Bluebox Industrials Report 2018

May 25, 2018

Executive Summary – Industrials

The total value of completed deals in the Industrials sector in Q1 2018 reached $122.5bn, 1.5x higher than that of Q1 2017. This was mostly owed to two megadeals. Despite this, compared to Q1 last year, the first quarter of 2018 saw a 12% fall in deal volumes with 765 reported transactions. The decline has been attributed to political uncertainty, with many sub-sectors heavily reliant on the stability of market conditions. Access to cheap capital means private equity firms are now equipped with vast amounts of dry powder and going forward, this will enable them to compete more effectively on price with strategic buyers.

Technology is fast-becoming a key focus area for M&A and this itself is a costly investment. Over the past half-century, the lean revolution (1970s), the outsourcing phenomenon (1990s) and the advent of automation (2000s) have each transformed the industry as we know it. Today, digital solutions are responsible for fourth major disruption in modern manufacturing, referred to by many as “Industry 4.0”. Industry 4.0 is transforming plant floors, production lines, business models and strategic planning – in many ways, a true reboot of the sector.  Industry 4.0 is also impacting M&A strategy. In March this year, Wartsila Corporation (Finland), manufacturer of power generation and marine propulsion equipment, agreed to acquire UK-based, Transas Marine, for £185m. The marks their second software acquisition in the last year, as Wartsila look to lead the industry’s transformation towards a Smart Marine Ecosystem The transaction is expected to close in H2 2018.

In Europe, total deal value in Industrials was $44.9bn in Q1 2018, a 2.6x increase in comparison with the same period last year. The spike was primarily driven by two megadeals. Making the headlines of all UK news outlets was Melrose’s hostile £8.1bn ($12.1bn) takeover bid for engineering giant, GKN. The deal saga began at the start of the year and as at March 29th, a majority shareholder vote was cast in favour of the takeover. The deal was subsequently approved by the Government at the end of April, after initial concerns from the Defence Secretary, regarding the potential threat to national security, were calmed with a series of post-offer commitments from Melrose. At present, Melrose own 94% of the shares in GKN, and it is expected that the remaining 6% will be acquired in June. The second megadeal was the €10.1bn ($12.5bn) acquisition of AkzoNobel’s specialty chemicals business by private equity firm, The Carlyle Group, and its partner GIC, a Singapore-based investment firm (announced in March 2018). This stands to be the largest ever leveraged buy-out in the chemicals industry. The deal will enable the chemical business to leverage its independence to seize opportunities for growth that were previously hindered by competing against the AkzoNobel’s coatings business for investment. In turn, AkzoNobel will use this as an opportunity to focus on its coatings business.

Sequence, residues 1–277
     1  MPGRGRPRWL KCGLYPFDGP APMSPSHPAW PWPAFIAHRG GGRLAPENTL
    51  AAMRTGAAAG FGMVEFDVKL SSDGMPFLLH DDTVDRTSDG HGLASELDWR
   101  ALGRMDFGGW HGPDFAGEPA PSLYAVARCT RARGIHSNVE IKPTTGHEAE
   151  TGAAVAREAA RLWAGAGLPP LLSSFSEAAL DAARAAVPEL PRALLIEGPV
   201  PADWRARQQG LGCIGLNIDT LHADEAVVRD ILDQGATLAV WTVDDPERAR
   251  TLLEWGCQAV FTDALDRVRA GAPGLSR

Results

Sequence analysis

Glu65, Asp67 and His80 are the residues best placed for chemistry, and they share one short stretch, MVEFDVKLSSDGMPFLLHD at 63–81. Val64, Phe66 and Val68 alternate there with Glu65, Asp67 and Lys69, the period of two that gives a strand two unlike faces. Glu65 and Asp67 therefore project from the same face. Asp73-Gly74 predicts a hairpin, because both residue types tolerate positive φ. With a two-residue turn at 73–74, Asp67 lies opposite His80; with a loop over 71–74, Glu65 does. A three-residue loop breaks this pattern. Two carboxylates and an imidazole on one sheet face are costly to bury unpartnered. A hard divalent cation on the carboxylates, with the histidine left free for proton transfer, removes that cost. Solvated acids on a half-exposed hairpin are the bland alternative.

Among the sub-sectors within the Industrials industry, Industrial products and services accounted for the highest total deal value for Q1 2018. This has been the case for Q1 in 4 out of the last 5 years. Chemical and materials came next, superseding Transport & Logistics, but largely due to the sale of AkzoNobel’s chemical business. Without this, both Transport & Logistics and Manufacturing would have performed better.